(Closed) Going with SO for support. His mother isn't coming (long story)

posted 5 years ago in Emotional
Post # 3
1384 posts
Bumble bee
  • Wedding: July 2014

@SmileyKitty:  That stinks. Really. But he is lucky to have you by his side.  One of my aunts told me that most people are disappointed by others because they expect something and get something else. It’s a lot of energy feeling sad and disappointed, and most of the time, in the end, not worth it. We can’t control anyone but ourselves. Stay positive for both you and him.

Post # 5
2292 posts
Buzzing bee

It sounds like she’s been acting this way for a while. It may be disappointing, but apparently that’s how she’s going to act for now. You might just have to let that go and not expect her to behave in a way she hasn’t been behaving. 

I don’t know why she’s acting this way, but sometimes when people avoid loved ones the way your SO’s mother is avoiding him, it’s because they’ve had difficult and painful experiences with similar circumstances in the past. 

That’s not to say that what she’s doing is right, that’s just to say that there could be other things at play here that you aren’t aware of.

I hope your SO’s situation improves. Thank you for caring for him and providing him with love and support. 

Post # 6
8725 posts
Bumble Beekeeper

@SmileyKitty:  Having a mentally ill family member can be very hard on some people. Some people just never accept it and refuse to get involved. Some parents of mentally ill people feel like it is their fault and try and ignore the problem or can’t engage with the person.

There are plenty of posts on this site alone about people leaving their partners or cutting ties withfamily becuase they are not prepared to participate in a mental ill persons life. It is a big ask to be involved and takes a lot of strength and time and understanding. It is not for everyone and it doesn’t make them a bad person,

I think you need to accept that his mother does not want to be involved int his part of his life. Try not to hold a grudge. It doesn;t mean that she doesn’t love her son, it just means that she either doesn’t understand mental illness, is feeling massive guilt over the situation or doesn’t have the personal strength to handle this.

You partner needs only to have the people that will fight for him and will be there for him. Focus on that stuff and leave the negativity behind.

If your partner wants to address it with his mother than let him but make sure he doesn’t accuse her but just lets her know how it feels for him when she wont particiapte.

Post # 7
784 posts
Busy bee
  • Wedding: May 2014

@SmileyKitty:  I think that taking care of an adult child with chronic mental health issues is taxing and incredibly challenging.  She might be trying to allow you to step up to your chosen role as primary caretaker/next of kin by not being present and allowing her son to make his own decisions.  She also might have complicated emotions about his choices – I could imagine being wary of letting my son go off of his medications but also wanting him to be able to make his own decisions.

My other point is that it is very much not normal in any country I have heard of to have to go before a tribunal in order to change your mental health treatment plan.  The only situations where I have heard that the state has a say in mental health care is immediately in the aftermath of an involuntary hospitalization for self-harm/harm to others, or as part of a treatment plan for people with mental health issues that have lead to criminal behaviors.  Can you elaborate on how the tribunal got control over his health?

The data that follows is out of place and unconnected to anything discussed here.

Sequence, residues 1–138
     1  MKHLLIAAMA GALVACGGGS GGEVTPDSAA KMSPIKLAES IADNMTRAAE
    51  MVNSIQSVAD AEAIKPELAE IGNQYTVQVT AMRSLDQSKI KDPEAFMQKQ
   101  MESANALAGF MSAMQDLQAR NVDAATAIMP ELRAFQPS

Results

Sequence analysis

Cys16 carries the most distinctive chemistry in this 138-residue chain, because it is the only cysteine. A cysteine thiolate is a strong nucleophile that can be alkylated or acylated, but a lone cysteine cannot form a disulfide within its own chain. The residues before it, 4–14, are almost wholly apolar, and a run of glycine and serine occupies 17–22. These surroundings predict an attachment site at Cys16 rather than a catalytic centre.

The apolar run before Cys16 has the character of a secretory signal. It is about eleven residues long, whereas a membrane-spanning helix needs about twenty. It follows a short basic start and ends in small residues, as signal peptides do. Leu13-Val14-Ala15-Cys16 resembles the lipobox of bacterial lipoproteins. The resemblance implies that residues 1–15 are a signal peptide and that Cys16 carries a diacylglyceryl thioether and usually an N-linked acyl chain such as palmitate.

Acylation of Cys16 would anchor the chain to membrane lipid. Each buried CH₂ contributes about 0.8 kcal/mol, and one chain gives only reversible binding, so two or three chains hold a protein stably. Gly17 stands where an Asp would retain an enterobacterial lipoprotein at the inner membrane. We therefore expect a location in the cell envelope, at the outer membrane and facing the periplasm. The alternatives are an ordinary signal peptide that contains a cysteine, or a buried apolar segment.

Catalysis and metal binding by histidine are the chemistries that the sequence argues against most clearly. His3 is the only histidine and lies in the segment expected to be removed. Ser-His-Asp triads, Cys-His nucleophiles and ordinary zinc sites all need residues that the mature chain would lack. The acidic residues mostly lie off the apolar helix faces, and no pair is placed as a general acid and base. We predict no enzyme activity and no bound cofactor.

Post # 8
2905 posts
Sugar bee
  • Wedding: June 2013

@j_jaye:  +100

Parenting an adult child with mental illness, especially one as devastating as schizophrenia, is hugely difficult. I think sometimes people get to a point where they just can’t be there as much as they might want to. I can see this especially if your SO is asking the tribunal to let him stop taking his medication. I wouldn’t want to support that decision, if I were his mom, and I say that based on personal experience with a schizophrenic family member of DH’s.

Especially if he was sent to the facility after being violent with his mom, I can see why she might need to detach from the situation a little bit. She has to take care of herself first and foremost. 

Post # 9
122 posts
Blushing bee

I am a mental health therapist and we do have tribunal here they are called LIPT (licensed interagency planning team) and for clients with very difficult cases who are unresponsive of treatment a group of professionals get together monthly to discuss a new plan of treatment. I understand how it can be a struggle to not have his mothers support knowin how life impacting this one meeting can be. Speaking from experience she may be unaware the impact her decisions have on his mental health. I work primarily with children and see directly the impact that family has on their treatment but from what I hear this has been a Long struggle  for him Just know that the support his mother isn’t giving him can come from you 


Post # 11
8725 posts
Bumble Beekeeper

@SmileyKitty:  I am glad it went well today for both of you. I am going to encourage you tro contact beyond blue if you haven’t already. They have some great services for carers of people with mental illness. It can be hard work and sometimes you need to talk to people who are in a similar situation.  There are some things that an outsider will just never understand.

Good luck to both of you.

The topic ‘Going with SO for support. His mother isn't coming (long story)’ is closed to new replies.

Find Amazing Vendors